Here’s an easy-to-swallow statement: I think it’s sad when people die.
I’m going to assume most people generally agree with me there.
But let’s digress for a moment. (Although I’m pretty sure you’ll see where I’m headed.)
A few days ago, I completed a government survey on supervised drug consumption sites. As I wrote in the survey, I lived near the Calgary-based consumption site (located across the street from where this photo was taken); I previously owned a condo in the area for nine years. For most of that time, the consumption site didn’t exist – so I feel like I have a decent “before/after” picture in my head. I don’t doubt that people have experienced issues in the neighbourhood since the site was created, but it’s only fair to note the area also had issues before.
The online survey asked about people on the street, litter, debris, theft, and so on. I responded that I had seen and experienced all those things both before and after the consumption site’s existence. The major difference for me after the site opened was knowing there were professionals nearby who might be able to help, and a greater police presence.
Of course, that’s just my experience. As I said, I don’t doubt there are others with different experiences. Those folks deserve to have their concerns heard, and they deserve for effort to be put toward addressing those concerns. I’m not sure, however, that the need to have concerns addressed outweighs the need to have fewer Albertans die. Just because I don’t (usually) know the people dying of overdoses doesn’t mean I think they deserve to die.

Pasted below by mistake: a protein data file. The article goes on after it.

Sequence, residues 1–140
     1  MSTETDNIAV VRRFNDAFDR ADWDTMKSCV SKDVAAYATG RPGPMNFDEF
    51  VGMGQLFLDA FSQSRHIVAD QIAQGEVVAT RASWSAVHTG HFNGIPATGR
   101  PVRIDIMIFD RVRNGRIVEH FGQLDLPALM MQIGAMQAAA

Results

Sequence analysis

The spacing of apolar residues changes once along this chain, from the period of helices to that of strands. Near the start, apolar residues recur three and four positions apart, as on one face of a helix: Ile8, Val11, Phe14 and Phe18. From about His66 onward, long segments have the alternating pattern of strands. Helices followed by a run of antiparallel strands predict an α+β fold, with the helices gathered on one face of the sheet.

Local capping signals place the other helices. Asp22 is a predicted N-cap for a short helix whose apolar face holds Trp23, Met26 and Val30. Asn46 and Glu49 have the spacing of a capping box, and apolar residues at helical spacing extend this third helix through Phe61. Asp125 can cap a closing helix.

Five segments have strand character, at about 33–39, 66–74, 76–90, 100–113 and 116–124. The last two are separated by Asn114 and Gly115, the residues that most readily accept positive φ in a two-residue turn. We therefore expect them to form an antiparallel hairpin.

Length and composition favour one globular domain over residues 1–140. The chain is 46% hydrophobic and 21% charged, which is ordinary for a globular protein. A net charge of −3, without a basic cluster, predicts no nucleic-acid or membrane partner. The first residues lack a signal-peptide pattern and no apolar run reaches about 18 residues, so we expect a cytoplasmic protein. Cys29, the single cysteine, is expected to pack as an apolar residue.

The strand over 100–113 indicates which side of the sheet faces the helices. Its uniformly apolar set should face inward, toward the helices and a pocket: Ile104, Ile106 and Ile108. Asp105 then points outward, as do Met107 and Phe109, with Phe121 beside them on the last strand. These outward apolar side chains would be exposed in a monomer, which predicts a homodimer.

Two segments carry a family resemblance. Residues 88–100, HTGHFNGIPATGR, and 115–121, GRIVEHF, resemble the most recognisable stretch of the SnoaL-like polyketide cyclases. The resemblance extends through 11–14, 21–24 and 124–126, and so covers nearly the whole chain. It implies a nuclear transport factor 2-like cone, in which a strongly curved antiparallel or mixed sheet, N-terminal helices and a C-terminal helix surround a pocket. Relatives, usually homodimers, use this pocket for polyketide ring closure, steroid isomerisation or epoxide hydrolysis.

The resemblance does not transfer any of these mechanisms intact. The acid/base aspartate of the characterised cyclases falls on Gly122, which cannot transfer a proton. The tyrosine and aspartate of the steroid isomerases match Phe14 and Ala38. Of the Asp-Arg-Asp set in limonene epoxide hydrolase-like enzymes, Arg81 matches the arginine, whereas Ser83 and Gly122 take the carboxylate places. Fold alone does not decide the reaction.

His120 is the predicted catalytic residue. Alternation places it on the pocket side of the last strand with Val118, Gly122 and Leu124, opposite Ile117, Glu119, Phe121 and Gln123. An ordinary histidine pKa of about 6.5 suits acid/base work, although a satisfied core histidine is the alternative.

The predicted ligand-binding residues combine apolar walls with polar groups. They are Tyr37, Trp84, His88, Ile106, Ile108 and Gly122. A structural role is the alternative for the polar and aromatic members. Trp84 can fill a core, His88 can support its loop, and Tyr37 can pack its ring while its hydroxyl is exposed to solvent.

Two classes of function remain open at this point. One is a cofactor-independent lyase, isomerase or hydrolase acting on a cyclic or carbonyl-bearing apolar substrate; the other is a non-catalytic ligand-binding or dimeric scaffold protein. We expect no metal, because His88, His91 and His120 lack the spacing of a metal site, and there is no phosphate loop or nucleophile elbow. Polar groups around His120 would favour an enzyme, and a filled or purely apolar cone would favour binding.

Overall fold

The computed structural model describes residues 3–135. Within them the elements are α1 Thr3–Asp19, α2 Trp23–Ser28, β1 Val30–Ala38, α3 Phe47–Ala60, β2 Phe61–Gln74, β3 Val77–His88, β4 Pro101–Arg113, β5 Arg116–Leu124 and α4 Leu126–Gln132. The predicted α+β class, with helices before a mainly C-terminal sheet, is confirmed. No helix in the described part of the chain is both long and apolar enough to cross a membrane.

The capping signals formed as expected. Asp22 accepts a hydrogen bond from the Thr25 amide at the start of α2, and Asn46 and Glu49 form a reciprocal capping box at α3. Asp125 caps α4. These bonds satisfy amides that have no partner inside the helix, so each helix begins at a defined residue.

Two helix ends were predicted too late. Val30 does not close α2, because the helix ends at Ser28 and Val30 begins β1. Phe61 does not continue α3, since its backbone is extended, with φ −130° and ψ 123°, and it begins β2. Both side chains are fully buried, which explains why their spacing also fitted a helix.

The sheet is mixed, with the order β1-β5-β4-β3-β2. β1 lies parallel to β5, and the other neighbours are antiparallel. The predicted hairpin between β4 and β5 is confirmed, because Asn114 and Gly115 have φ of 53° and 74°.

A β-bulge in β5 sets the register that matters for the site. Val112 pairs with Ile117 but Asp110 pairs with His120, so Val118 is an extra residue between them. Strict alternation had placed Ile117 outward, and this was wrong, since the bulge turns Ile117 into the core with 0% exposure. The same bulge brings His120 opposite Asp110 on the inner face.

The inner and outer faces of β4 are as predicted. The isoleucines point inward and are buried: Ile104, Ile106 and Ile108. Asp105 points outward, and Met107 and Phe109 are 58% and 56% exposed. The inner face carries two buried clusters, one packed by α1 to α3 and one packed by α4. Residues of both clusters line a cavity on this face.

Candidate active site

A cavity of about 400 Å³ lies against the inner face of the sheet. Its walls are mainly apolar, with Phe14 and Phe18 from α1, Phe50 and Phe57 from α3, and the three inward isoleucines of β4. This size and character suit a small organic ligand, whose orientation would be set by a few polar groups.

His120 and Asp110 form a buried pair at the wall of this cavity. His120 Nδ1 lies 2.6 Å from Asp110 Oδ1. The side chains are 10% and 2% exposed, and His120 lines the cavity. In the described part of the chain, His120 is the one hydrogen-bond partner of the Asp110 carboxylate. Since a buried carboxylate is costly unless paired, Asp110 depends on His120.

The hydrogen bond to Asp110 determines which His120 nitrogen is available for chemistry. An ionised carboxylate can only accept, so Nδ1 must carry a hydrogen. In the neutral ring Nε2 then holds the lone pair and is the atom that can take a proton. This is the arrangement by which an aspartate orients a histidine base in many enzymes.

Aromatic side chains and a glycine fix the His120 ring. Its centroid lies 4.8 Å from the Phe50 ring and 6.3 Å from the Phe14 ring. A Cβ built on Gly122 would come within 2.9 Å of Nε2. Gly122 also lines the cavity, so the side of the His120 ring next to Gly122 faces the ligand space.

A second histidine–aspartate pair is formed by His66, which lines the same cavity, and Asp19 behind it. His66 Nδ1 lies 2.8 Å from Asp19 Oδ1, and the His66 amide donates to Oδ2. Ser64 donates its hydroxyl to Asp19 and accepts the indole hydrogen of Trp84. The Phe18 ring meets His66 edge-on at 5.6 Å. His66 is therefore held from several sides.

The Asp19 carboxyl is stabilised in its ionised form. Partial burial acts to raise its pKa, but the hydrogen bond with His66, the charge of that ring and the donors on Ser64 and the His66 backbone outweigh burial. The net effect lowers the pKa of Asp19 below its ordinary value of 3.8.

Because here’s the thing: supervised consumption sites can prevent people from dying. According to a recent news article, the site I lived near has already responded to 134 overdoses in 2019. And even back in 2012 when this other article was published, research showed that supervised consumption sites had averted thousands of deaths in several countries.
Our own government website in Alberta says 733 people died of opioid overdoses in 2017, and notes supervised consumption services can reduce not only the number of deaths, but also the transmission of diseases and infection, public substance use, and discarded needles.
Addictions are complex and not easily fixed. They cause damage – physical, emotional, financial, etc – and often make it difficult to empathize with someone who has an addiction (someone, it might be said, who is both suffering and causing suffering). So, I understand it’s easier to complain, get angry, or demand simple fixes.
But I also understand a few other things:
I understand that people who work with high-risk populations can suffer vicarious trauma from trying to save lives. I’m thinking about staff at shelters, firefighters and police officers who arrive first at an overdose scene, etc. If the people these folks are trying to resuscitate were instead visiting a supervised consumption site, the resuscitation might be less of an emergency, and it could be provided by someone who has appropriate training and support.
Even better, the professionals at supervised consumption sites know how to talk with people using drugs and, where possible, refer them to treatment and other services when a person is ready and able to make that kind of change.